Group Estimates Fiduciary Rule Cost at $3.9B

A study commissioned by the Financial Services Institute says the amount is nearly 20 times the DOL’s estimate.

Implementing the proposed fiduciary rule will cost independent financial services firms $3.9 billion in startup costs, according to a study by the Financial Services Institute (FSI) and Oxford Economics. This is nearly 20 times the estimate that the Department of Labor (DOL) gave and does not take into account the ongoing costs of maintaining compliance with the rule.

Further, according to the report, “Economic Consequences of the U.S. Department of Labor’s Proposed New Fiduciary Standard,” the rule will limit advice to high-net-worth individuals alone, as they will be the only people who will be able to afford it.

“The study shows that the DOL’s proposed fiduciary rule would be costly and burdensome to both the independent financial services industry and the investors that rely on the critical advice they receive,” says FSI President and CEO Dale Brown. “It also illustrates the unintended consequences the rule will have on hard-working Americans trying to save for retirement, particularly low and moderate-income investors who need advice the most.”

Startup costs will range from $930,000 to $28 million per firm, depending on size, according to the study. Broker/dealers (B/Ds) would have to substantially change their business models from commissions to fees to be in compliance with the Best Interest Contract Exemption (BICE). As a result, smaller B/Ds might go out of business. And investors may not see the returns they are now getting as they will be pushed into low-cost assets, FSI says. Furthermore, the BICE would open the door to unforeseeable litigation costs, FSI contends.

Recordkeeping will cost firms an average of $200,000, FSI says. Implementing BICE contracts will cost an average of $4.5 million. Training will cost an average of $800,000. Compliance and legal oversight will cost an average of $210,000. Disclosure will cost an average of $870,000. Setting up new system interfaces will cost an average of $570,000. And litigation costs will be substantial, FSI says.

NEXT: The impact on advice

And investors will miss out of many services that advisers provide, FSI says, not least of which are: encouraging investors to save at a higher rate, preventing investors from taking withdrawals from their retirement savings, providing objective advice in times of market fluctuations, creating an investment plan, balancing portfolios, helping investors feel more confidence about retirement, and helping them with their overall financial plan.

“The reduction in advising that will almost certainly follow adoption of this rule will result in significant qualitative and quantitative losses to all retirement investors, including and especially small investors,” the report says. “The added structures of the new rule will likely lead B/Ds to curtail their offerings, leading to less overall choice for most investors. A good example is the case of variable annuities, which are an important product to many investors concerned about retirement planning.”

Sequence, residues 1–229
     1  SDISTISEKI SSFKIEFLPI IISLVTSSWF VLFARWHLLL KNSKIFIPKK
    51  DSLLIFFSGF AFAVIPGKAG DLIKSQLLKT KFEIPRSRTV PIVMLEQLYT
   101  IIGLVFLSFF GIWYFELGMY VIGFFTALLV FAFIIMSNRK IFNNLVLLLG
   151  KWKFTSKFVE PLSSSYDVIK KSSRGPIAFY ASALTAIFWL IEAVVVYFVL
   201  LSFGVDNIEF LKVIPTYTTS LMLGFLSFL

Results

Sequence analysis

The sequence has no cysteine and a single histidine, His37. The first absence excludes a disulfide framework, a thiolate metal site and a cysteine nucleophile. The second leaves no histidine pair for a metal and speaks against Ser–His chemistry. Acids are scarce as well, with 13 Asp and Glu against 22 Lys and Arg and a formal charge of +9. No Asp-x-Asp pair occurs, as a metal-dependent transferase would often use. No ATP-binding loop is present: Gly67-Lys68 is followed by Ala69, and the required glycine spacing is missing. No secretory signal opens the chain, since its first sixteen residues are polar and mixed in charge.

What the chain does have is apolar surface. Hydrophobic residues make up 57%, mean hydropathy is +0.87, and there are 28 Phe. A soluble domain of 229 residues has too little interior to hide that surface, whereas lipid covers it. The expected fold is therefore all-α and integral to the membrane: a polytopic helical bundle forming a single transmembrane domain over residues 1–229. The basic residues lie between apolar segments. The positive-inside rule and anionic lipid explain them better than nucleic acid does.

PwC’s Financial Services Regulatory Practice also circulated new fiduciary rule research this week—reaching similar conclusions about the likely impacts of the proposed DOL rulemaking.

Based on its staffers’ interactions with the DOL, PwC says it anticipates the new rule “is set to transform the competitive landscape” for retirement plan service providers and “disrupt current business models, particularly for financial institutions that are reliant on traditional broker/dealer activities which are currently not covered by the existing ERISA fiduciary standard.”

Further, PwC says it believes that the rule “will be finalized early next year with the proposals’ core framework intact.”

PwC suggests this puts a huge amount of pressure on DOL to get the carve-outs provided for in the rulemaking language into proper working order. “The first exemption, and in our view the most critical, is the Best Interest Contract Exemption, which would allow financial institutions to continue to receive commissions,” PwC explains. “The second, the Principal Transaction Exemption, would permit a financial institution to engage in the purchase and sale of certain debt securities on behalf of a retirement account.”

NEXT: “Requirements are … ambiguous.”

The report concludes that, whether or not to utilize the Best Interest Contract Exemption and the Principal Transaction Exemption, represents an important choice for financial institutions: “The requirements are strict, complex, and in many cases ambiguous. Businesses relying on the exemptions can expect to incur significant costs to maintain their existing commission-based compensation arrangements.”

PwC believes many companies will not choose to regularly rely on these contracted exceptions, and will instead move to adopt a fee-based compensation model or a more self-directed model for clients.

“In addition to these new regulatory requirements, competitive market shifts are underway, as a number of new low-cost competitors are emerging to challenge the traditional adviser business model,” PwC concludes.

FSI’s study is based on interviews with nearly three dozen executives at 12 companies that employ B/Ds or registered investment advisers (RIAs) that would be impacted by the rule. The full report can be downloaded here.